Seismic Research Permitting Failures Needs To Be Addressed By Legislation, House Committee Says

“The House Natural Resources Committee probed how issues with offshore seismic research permitting can hinder oil and natural gas development on the outer continental shelf during a subcommittee hearing on Friday.

The federal permitting process for geological and geophysical (G&G) surveying that spans multiple federal agencies and the Subcommittee on Energy and Mineral Resources explored how it could be hindering research and development.

Walter Cruickshank, acting director of the Bureau of Ocean Management (BOEM), testified that “critically important” geological and geophysical data does more than support oil and gas development. It also impacts renewable energy, coastal restoration, and planning for natural disasters, he said.

MMC Report on PAM

The Marine Mammal Commission’s “Report of the Joint Marine Mammal Commission – National Marine Fisheries Service Passive Acoustic Surveying Workshop” is available.  This workshop was intended to help the U.S. National Marine Fisheries Service perform marine mammal stock assessments.  The workshop report’s executive summary explains in part:

“The National Marine Fisheries Service (NMFS) is responsible for gathering the information needed to support its stock assessments of marine mammals. The distribution and abundance of each stock is the core of those assessments. Data to support stock assessments are traditionally gathered by conducting visual observations during shipboard and/or aerial surveys.Increasingly, however, the agency is having difficulty providing abundance estimates and other data needed for marine mammal stock assessments. These challenges have spurred NMFS to increase its investment in alternative monitoring methods that may fill some critical data gaps more effectively and efficiently than large-scale ship and aerial surveys alone.

Troubling Permitting Lapse

The International Association of Geophysical Contractors posted the following article on the IAGC website:

“Both the National Marine Fisheries Service and US Fish & Wildlife Service need to better explain how they conduct incidental harassment authorization reviews for offshore oil and gas geologic and geophysical surveys to meet the US Bureau of Ocean Energy Management’s 120-day deadline, the Government Accountability Office said in a report issued on Jan. 4.

Bill to Ease Offshore Oil, Gas Exploration Advances in Congress

The International Association of Geophysical Contractors posted the following article on the IAGC website:

“Legislation by U.S. Rep. Mike Johnson, R-Benton, to ease oil and gas exploration in offshore waters advanced in Congress this week. The Natural Resources Committee on Wednesday (Jan. 10) endorsed Johnson’s would-be Streamlining Environmental Approvals Act of 2017, sending it to the full House.

Johnson casts the bill as one to ‘cut government red tape’ and help Louisiana’s coastal restoration efforts. He said it ‘reduces duplicative government regulations in the Marine Mammal Protection Act and the Endangered Species Act, while maintaining marine mammal protections and setting firm permitting deadlines for coastal initiatives.

Florida Exempted from Offshore Oil and Gas Expansion

After announcing an expansion of offshore drilling in the Atlantic and Pacific Oceans, Interior Secretary Ryan Zinke said the Trump administration will grant an exception for the state of Florida. Sec. Zinke stated:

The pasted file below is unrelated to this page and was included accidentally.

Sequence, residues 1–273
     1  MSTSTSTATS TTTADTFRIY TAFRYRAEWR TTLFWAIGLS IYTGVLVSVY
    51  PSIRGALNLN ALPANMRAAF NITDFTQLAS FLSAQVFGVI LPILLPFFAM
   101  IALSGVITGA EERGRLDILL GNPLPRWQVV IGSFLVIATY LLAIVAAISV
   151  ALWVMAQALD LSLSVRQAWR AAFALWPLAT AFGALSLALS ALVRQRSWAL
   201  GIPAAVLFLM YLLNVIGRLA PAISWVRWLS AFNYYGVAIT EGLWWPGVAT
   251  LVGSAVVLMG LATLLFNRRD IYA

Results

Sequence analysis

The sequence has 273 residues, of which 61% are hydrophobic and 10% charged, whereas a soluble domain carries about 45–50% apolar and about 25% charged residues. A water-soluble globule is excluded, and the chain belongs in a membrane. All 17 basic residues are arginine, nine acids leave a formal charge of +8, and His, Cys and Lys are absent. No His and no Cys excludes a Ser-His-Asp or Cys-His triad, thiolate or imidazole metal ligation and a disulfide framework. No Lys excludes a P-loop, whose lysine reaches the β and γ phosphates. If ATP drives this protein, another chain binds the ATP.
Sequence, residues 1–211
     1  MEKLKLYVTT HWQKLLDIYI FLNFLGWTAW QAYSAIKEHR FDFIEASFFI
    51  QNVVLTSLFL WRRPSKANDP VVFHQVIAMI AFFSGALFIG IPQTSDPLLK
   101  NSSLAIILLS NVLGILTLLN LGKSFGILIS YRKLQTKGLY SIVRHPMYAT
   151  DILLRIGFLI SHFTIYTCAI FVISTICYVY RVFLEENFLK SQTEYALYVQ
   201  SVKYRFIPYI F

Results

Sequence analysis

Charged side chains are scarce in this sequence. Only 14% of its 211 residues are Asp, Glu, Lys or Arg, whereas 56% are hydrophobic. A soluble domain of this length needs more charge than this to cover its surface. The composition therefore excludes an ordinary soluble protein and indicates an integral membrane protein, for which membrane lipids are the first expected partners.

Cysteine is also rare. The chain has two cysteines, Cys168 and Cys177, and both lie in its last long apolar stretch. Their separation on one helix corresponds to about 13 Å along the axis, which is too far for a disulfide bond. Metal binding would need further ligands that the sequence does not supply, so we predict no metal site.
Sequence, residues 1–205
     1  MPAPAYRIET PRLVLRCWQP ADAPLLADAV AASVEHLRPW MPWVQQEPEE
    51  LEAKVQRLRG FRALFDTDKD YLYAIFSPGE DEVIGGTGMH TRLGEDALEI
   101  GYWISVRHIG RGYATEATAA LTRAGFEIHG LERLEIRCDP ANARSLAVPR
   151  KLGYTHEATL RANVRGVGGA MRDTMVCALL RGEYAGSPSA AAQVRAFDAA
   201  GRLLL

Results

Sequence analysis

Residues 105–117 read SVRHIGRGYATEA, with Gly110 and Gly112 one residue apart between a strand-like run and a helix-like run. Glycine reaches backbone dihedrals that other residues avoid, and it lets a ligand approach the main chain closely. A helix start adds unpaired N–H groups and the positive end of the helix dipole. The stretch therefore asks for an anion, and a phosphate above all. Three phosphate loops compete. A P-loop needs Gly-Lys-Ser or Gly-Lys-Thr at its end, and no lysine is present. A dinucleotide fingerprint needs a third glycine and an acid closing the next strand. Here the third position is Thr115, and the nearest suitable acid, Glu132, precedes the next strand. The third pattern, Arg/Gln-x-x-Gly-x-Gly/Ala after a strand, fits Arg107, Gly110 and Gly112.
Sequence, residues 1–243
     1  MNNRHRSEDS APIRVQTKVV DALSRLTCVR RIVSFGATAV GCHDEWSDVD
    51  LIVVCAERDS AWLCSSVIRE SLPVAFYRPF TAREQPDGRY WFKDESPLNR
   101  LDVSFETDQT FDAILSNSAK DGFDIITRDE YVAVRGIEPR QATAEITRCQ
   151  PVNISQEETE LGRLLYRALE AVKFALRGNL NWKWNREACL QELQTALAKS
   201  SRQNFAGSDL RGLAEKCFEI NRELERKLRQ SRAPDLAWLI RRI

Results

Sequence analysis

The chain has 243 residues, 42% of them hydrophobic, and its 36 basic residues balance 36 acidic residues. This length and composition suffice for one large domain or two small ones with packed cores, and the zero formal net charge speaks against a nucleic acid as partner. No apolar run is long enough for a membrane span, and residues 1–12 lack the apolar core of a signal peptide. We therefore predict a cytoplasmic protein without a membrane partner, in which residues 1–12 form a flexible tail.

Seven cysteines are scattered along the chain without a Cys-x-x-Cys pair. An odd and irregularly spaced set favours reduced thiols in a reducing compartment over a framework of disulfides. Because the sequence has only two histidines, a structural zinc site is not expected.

“I have witnessed [Florida] Governor Scott’s leadership through hurricane season and am working closely with him on Everglades restoration. He is a straightforward leader that can be trusted. President Trump has directed me to rebuild our offshore oil and gas program in a manner that supports our national energy policy and also takes into consideration the local and state voice. I support the governor’s position that Florida is unique and its coasts are heavily reliant on tourism as an economic driver. As a result of discussion with Governor Scott’s [sic] and his leadership, I am removing Florida from consideration for any new oil and gas platforms.”

Public Meetings on Draft Proposed Offshore Oil and Gas Leasing Program


The U.S. Bureau of Ocean Energy Management has released a Draft Proposed Program for the 2019–2024 National Outer Continental Shelf Oil and Gas Leasing Program. Comments on the draft are due March 19. BOEM will also host a series of 23 public meetings on the National OCS Program in cities around the nation, January 16 – February 28.

GAO Report on Offshore Oil Seismic Surveys

The U.S. Government Accountability Office published a report entitled Offshore Seismic Surveys:  Additional Guidance Needed to Help Ensure Timely Reviews.  This report recommended that the U.S. National Marine Fisheries Service and the U.S. Fish and Wildlife Service develop guidance clarifying how and when staff should record review dates of incidental take authorization applications and analyze how long the reviews take.

Click here to read the report.



CRE Requests that UN Act to Ensure that CMS Marine Noise Guidelines Comply with Fundamental Principles of Science

The Center for Regulatory Effectiveness sent a letter to the UN’s Convention on the Conservation of Migratory Species of Wild Animals.  CRE’s letter concerned

CMS’ Family Guidelines on Environmental Impact Assessment for Marine Noise-generating Activities Guidelines (“EIA Guidelines”).  CRE’s letter requests that CMS take certain activities necessary to ensure that the EIA Guidelines are transparent and comply with other fundamental principles of the scientific process. These steps include CMS’ establishing and publicizing an easily accessible Internet website dedicated to and containing the following:

A) All comments on the EIA Guidelines and all responses to those comments (including all responses to CRE’s letter);